I remember the morning, when Susan was about six months pregnant with our son. We already had a name chosen and were confident we knew what our new son would be called. Early that morning God impressed on me, his name is Michael Andrew (neither names we had chosen). As I told Susan, she asked why. Michael means “one who is like the Host.” Andrew means “one who represents God.” Since that morning, I have continued to pray that Michael will live in the fullness of his name. Today, I see a young man with a passion for people, a passion for Christ and a desire to live a life that makes a difference.

We did not know then, what those prayers would mean. Today, Susan and I see how God has blessed us with two terrific teenagers. Both love Christ with all their heart. Both have a love for people. Both have a desire to honor God with all they do. As teenagers, they are far beyond anything I ever imagined when I was praying for them in the womb.

I will be honest. Having a daily time alone with God is not always easy.  It is not always fun. It is many times painful and uncomfortable. But, when I look back at how God has used that time to guide our family and I am reminded of things like the stories above, I would not change a thing. I would not trade this time for the extra hour sleep.

Why do I have a daily quiet time?  I NEED IT.  I cannot be an effective husband, father and leader without God’s help. Everything I have learned about love, compassion, parenting and leadership has been found, strengthened and confirmed during these times. All because God is faithful to keep His promises when we seek His will, early in the morning. (Psalm 63)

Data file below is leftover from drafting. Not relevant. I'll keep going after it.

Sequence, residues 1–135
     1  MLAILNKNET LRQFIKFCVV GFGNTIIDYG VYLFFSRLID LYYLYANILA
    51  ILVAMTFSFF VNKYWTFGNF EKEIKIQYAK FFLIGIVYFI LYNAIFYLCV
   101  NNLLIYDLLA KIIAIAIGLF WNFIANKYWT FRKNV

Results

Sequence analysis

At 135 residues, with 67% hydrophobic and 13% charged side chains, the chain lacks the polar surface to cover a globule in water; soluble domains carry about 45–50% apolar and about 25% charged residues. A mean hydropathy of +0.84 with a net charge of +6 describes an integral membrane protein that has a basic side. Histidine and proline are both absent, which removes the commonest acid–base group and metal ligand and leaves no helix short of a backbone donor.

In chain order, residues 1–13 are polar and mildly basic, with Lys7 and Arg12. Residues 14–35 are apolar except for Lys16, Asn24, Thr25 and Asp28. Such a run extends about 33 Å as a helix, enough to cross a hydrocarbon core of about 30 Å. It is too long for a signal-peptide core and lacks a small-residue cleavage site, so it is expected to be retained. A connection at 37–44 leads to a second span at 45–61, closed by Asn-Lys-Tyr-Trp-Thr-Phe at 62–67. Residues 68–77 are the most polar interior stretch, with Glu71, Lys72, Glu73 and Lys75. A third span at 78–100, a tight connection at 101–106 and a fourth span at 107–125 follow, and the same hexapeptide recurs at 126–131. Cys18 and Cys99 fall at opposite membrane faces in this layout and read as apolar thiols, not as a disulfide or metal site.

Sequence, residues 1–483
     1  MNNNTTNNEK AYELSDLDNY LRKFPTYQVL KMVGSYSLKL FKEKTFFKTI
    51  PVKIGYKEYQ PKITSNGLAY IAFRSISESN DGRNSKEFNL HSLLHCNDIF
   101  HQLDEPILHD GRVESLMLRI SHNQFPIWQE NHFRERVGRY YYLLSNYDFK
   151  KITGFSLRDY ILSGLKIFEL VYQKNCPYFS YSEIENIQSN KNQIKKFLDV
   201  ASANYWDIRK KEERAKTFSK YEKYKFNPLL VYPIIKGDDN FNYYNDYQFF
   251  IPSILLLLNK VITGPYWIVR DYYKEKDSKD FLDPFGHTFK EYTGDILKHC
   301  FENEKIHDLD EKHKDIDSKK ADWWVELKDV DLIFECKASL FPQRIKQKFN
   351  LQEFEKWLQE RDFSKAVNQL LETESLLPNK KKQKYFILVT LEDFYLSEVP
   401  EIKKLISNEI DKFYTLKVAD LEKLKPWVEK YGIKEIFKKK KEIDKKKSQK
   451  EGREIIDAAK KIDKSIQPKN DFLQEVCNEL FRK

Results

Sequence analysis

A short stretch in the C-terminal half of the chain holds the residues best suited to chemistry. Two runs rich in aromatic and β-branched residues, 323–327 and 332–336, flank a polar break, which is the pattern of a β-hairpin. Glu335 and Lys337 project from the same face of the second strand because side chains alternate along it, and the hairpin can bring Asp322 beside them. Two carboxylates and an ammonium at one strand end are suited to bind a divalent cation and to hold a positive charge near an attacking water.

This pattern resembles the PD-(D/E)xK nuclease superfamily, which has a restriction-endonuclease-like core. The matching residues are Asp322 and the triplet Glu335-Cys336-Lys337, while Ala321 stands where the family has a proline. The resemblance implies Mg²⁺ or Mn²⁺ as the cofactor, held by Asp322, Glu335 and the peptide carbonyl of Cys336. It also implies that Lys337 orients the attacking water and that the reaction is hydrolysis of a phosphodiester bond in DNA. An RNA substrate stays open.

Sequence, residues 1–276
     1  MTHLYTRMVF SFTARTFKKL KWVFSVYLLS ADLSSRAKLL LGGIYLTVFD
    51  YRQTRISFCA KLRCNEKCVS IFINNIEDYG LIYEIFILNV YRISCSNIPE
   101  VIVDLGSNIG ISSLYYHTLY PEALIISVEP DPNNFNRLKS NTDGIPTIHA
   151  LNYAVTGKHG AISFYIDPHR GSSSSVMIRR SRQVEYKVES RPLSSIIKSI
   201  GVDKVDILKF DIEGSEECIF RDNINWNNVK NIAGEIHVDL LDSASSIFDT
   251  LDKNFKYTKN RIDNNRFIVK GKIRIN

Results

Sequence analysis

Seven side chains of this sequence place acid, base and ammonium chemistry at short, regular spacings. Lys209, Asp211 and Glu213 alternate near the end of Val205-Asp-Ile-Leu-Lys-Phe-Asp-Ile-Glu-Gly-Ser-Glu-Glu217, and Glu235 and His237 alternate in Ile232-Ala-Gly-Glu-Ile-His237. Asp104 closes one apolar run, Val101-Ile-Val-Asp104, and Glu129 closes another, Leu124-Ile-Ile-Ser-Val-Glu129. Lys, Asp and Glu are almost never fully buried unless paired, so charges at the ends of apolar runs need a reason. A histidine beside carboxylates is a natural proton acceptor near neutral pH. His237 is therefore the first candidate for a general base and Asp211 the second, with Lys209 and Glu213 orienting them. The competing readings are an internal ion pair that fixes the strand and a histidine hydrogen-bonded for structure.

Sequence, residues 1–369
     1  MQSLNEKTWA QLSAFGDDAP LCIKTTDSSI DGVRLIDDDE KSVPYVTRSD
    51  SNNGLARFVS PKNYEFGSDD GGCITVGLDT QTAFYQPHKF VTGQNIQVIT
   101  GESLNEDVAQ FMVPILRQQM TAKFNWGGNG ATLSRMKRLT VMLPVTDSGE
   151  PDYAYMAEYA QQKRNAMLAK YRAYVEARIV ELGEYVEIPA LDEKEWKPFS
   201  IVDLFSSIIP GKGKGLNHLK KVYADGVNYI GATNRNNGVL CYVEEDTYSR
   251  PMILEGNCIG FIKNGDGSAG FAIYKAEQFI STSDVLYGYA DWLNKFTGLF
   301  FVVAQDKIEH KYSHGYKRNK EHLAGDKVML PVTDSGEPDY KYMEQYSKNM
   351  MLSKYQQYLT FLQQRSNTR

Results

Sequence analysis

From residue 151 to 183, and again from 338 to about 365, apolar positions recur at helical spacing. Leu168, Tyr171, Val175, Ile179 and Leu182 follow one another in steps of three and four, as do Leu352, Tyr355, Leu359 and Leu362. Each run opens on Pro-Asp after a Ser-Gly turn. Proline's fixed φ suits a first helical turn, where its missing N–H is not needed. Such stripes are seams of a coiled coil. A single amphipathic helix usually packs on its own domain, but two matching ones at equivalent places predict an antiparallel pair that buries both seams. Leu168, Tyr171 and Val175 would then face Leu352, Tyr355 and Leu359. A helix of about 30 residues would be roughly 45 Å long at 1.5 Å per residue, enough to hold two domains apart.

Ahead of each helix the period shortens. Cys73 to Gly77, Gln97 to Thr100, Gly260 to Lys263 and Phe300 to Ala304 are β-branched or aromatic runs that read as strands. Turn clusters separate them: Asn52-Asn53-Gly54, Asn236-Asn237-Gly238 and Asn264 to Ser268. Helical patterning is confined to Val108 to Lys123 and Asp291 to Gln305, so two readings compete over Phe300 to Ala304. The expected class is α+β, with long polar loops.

Today (April 3, 2014) is the 18,262nd day of my life on this Earth. When you consider I have completed my first half century, it seems like a long time. The Bible equates a full life to 70 years. That is approximately 25,567 days. That means I have something slightly over 7,000 days remaining to fulfill the mission God has given me.  Anything beyond that time is simply His grace and favor.

As I sit here this morning, I am filled with the memory of my quiet time journey, a decade ago, during my 40th year.  See, at 40, I was perfectly willing to accept that I had crossed over into “middle age.”  So, the every day of my 40th year, was highlighted by a common theme during my morning quiet time.  That theme:  “God:  How do You want the last half of my life to look?”

During that year, my life focus began to shift… from practice to purpose… from success to significance… from life to legacy… from generalities to generations.

There are many great lessons and memories from those morning devotionals.  One that probably stands out above most was the morning I came to Psalm 90.  The thoughts of that day impacted me in such a way that this has become a recurring theme each year on my birthday.  Psalm 90 is a Psalm of Moses.  As we approach verse 12, Moses voices this prayer to God:

“Teach us to number our days aright, that we may gain a heart of wisdom.” (NIV)

At first, it appears that Moses is asking God to let him know the number of days he has to live so he knows how long he has to learn. As I meditated on this passage, I began to realize that Moses was not asking God to show him how to count the number of his days.  Instead, he was asking God to show him how to make the number of his days count.  In making the number of his days count, he will gain a heart of wisdom and leave a legacy for future generations.